Santiago Defeated

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In the book Old Man and the Sea by Ernest Hemingway, Santiago is destroyed but not defeated. He overcomes many physical and mental obstacles in order to reel in the massive marlin that he caught. Obstacles such as loneliness and a hand cramp impede his progress, but Santiago perseveres and fights the fight. Even though he eventually gives into the sharks that attack his prized marlin, he fights for many hours using a harpoon, an oar, and oar with a knife tied to it and finally, his tiller. He is destroyed medically, for his back is in pain and so are his hands. He is also extremely tired. But in the end, Santiago makes it back home and wins his battle with the marlin, yet he is destroyed in the process. Santiago is physically destroyed while…show more content…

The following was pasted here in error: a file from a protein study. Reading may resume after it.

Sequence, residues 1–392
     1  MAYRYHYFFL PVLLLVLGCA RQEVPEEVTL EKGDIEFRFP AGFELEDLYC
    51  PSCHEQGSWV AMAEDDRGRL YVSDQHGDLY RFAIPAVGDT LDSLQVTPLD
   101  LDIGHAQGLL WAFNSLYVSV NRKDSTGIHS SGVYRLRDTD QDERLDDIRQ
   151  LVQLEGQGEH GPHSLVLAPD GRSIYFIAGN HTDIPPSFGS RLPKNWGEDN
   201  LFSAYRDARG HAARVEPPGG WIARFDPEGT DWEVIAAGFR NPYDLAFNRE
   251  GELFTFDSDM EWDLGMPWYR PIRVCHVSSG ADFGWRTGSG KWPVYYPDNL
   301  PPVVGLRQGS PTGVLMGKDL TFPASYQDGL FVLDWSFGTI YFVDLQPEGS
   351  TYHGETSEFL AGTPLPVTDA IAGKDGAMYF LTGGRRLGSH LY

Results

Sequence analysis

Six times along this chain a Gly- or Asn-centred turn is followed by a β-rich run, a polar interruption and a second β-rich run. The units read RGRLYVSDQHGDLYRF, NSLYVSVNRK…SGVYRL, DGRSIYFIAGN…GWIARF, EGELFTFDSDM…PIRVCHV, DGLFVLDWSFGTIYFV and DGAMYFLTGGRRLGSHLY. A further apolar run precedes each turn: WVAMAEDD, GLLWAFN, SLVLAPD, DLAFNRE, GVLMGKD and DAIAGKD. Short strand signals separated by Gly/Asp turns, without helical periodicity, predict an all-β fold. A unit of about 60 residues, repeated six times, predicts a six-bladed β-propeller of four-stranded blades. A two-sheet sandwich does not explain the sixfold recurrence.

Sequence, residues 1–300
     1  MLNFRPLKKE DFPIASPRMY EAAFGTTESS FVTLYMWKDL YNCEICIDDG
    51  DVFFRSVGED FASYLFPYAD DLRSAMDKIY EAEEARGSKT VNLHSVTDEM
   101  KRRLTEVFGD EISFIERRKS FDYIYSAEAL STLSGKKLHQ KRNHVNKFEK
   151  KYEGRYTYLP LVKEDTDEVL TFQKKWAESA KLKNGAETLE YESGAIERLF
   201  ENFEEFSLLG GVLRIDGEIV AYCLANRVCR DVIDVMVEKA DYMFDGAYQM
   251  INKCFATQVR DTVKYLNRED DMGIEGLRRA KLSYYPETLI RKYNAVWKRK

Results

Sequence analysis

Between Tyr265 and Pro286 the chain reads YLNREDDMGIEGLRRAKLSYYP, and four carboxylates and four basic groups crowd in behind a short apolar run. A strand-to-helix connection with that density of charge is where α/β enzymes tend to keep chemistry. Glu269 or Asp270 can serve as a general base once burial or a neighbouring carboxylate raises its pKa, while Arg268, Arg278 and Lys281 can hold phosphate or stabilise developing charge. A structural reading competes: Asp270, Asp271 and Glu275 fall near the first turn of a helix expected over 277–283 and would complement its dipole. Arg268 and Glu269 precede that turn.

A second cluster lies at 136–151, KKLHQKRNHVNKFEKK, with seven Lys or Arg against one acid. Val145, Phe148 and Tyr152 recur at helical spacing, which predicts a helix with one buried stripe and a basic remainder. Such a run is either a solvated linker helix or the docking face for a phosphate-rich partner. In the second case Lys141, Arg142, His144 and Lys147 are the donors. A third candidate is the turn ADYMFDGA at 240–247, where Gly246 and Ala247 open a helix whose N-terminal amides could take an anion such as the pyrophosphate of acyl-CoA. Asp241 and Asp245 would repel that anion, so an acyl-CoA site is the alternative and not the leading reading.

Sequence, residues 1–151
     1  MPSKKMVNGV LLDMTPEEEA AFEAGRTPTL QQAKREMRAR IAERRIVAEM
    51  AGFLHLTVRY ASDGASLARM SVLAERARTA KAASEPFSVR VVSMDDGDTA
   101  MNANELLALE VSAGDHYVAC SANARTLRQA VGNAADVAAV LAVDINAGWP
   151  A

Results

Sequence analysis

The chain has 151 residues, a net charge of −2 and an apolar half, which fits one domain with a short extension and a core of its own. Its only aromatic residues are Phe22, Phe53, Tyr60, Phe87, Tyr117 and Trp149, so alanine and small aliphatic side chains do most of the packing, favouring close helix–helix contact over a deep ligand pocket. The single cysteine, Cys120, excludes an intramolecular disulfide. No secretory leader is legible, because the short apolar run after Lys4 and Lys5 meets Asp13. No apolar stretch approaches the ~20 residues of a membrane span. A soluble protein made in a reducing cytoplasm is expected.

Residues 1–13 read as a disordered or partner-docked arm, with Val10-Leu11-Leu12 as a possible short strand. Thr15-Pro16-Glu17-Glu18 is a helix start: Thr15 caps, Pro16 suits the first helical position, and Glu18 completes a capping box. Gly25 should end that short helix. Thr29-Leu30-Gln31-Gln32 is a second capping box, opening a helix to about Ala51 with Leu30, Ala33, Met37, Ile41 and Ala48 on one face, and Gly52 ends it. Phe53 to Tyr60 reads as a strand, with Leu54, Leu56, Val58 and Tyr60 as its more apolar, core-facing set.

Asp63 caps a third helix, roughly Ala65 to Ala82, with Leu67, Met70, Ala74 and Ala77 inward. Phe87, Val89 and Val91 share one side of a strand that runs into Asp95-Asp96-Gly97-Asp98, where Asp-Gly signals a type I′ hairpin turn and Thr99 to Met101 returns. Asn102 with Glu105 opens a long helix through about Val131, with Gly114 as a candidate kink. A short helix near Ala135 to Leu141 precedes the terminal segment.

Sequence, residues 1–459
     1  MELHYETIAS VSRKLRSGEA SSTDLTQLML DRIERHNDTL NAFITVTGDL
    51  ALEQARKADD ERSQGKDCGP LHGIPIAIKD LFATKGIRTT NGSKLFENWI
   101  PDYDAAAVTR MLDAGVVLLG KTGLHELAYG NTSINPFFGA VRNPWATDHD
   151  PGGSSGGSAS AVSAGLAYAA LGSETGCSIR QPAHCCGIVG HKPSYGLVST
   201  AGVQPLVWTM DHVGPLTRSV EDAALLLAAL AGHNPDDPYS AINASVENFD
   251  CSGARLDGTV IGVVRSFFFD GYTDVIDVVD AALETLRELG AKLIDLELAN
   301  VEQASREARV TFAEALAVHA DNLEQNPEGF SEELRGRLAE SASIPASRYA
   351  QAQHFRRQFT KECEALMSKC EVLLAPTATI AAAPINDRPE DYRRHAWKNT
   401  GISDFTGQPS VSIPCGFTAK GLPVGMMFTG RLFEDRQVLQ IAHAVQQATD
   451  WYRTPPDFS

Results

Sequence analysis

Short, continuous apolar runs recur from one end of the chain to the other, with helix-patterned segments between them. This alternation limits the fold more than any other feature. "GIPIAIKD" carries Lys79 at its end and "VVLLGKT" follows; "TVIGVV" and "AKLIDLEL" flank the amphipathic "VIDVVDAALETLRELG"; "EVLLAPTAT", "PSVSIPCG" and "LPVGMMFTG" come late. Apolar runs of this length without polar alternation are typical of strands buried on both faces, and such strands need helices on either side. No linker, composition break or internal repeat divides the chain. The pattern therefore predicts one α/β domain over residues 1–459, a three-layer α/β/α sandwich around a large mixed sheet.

First, although he is a salao, “which is the worst form of unlucky” (9). He still goes out everyday and tries to catch a fish. Hemingway characterizes Santiago by using the word salao as the joke of the town. Santiago is the fisherman that has not caught a single fish in eighty-four days. Even though his chances of catching a fish are very low, he still goes out everyday. Santiago does not let the sea defeat him. He perseveres and tries again each and every day. While bringing his prized catch to shore, Santiago’s marlin is attacked by many sharks. He uses his harpoon to spear the first shark in the head. After that, he lashes his knife to his oar and defends his catch. Similar to his hope of getting the entire fish back to shore, every time time a shark comes along it takes just a little bit. After battling the sharks with his oar and his tiller, which eventually breaks, Santiago finally gives in and goes to sleep. When he wakes up, all that remains of the marlin is its spine. This may seem like defeat. Santiago gives into the sharks and loses the battle. He let the sharks eat the marlin. But no, he may have lost a single battle, but he won the war with the sea. Santiago was able to break his eighty-four day dry streak and catch a massive eighteen foot marlin. He perseveres through the long repetitive days of catching

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